By Kim Tannas
When you live only a few hours from some of the world’s most beautiful destinations, it’s hard to be disappointed at the idea of travelling close to home. With pandemic measures in place and travel bans across the globe, it was an easy decision for me and my family to take the opportunity to visit some of our favourite locations in the province this summer. From hiking the hoodoos in Drumheller to admiring the glacial blue waters of Moraine Lake, there was never any shortage of places to explore.
For me, road trip adventures are an important part of living my best life—taking in those vast prairie skies and fresh mountain air, connecting with nature and, of course, enjoying all those majestic views Alberta is known for. And, with so many events cancelled, and venues closed, it freed up time for us to visit more places in Alberta than ever before.
Of course, travelling during a pandemic—even when it’s close to home—can take some getting used to, but we picked up a few tips along the way on how to stay safe and make our 2020 vacations some of our most memorable.
Pack the right supplies. The list of items you pack for a vacation may look a little different than it used to, with supplies like hand sanitizer and face masks now essential to bring along. Many municipalities in Alberta have passed bylaws making masks or face coverings mandatory in all indoor public spaces, on public transit and, in some cases, even outdoor spaces, such as pedestrian areas in downtown Banff and Jasper. While rules vary by region, public health officials recommend you wear a mask in any situation where two metres of physical distance can’t be maintained.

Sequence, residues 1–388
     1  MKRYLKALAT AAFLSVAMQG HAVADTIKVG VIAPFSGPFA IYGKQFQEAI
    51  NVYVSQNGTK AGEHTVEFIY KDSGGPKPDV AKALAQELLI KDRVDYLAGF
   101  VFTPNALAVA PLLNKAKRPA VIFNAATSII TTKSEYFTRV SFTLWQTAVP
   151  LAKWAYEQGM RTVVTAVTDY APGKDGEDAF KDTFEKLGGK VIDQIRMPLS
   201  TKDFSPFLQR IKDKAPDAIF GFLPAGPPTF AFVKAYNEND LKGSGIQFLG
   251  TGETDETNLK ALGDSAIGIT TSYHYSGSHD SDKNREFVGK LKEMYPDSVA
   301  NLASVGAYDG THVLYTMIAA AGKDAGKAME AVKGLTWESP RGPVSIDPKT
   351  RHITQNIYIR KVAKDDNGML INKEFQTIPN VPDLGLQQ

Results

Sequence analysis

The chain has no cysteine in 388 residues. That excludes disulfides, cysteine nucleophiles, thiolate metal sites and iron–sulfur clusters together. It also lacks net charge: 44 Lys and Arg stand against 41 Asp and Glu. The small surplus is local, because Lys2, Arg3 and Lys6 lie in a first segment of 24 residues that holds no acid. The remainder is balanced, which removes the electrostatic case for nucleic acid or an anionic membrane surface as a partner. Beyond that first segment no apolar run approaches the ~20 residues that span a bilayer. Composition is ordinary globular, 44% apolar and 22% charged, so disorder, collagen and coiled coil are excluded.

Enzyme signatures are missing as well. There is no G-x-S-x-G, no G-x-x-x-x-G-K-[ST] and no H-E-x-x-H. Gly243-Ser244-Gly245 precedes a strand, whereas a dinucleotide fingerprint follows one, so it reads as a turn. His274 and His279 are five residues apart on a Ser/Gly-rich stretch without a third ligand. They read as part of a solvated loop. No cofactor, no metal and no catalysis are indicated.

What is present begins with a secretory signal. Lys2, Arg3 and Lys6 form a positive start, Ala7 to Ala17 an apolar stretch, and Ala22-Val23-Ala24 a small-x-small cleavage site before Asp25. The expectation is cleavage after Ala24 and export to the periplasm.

As we quickly discovered, a travel-sized hand sanitizer and a couple of masks in your purse or backpack can go a long way in making sure you’re prepared for any situation. Bring a few extras to stash in your vehicle, so you don’t run out.
Other items to consider include the following:
- Disinfectants and paper towels for cleaning hotel or vehicle surfaces.
- Places to store reusable masks, keeping dirty and clean ones separate.
- Travel-sized laundry detergent for washing reusable masks.
- Extra snacks and beverages for the vehicle to reduce your need to make additional stops.
- A thermometer and well-stocked first aid kit.
- Toilet paper (outhouses in national and provincial parks may run low on supplies).
- Disposable gloves.
While we always make sure to bring an adequate supply of any medications we might need when we travel, I also find it helpful to bring a list of medications everyone is taking in case something gets lost or misplaced. Also, I never leave home without my Alberta Blue Cross® ID card. As an Alberta Blue Cross member, it’s reassuring to know we have coverage for any emergency medical travel or prescriptions we might need while on vacation.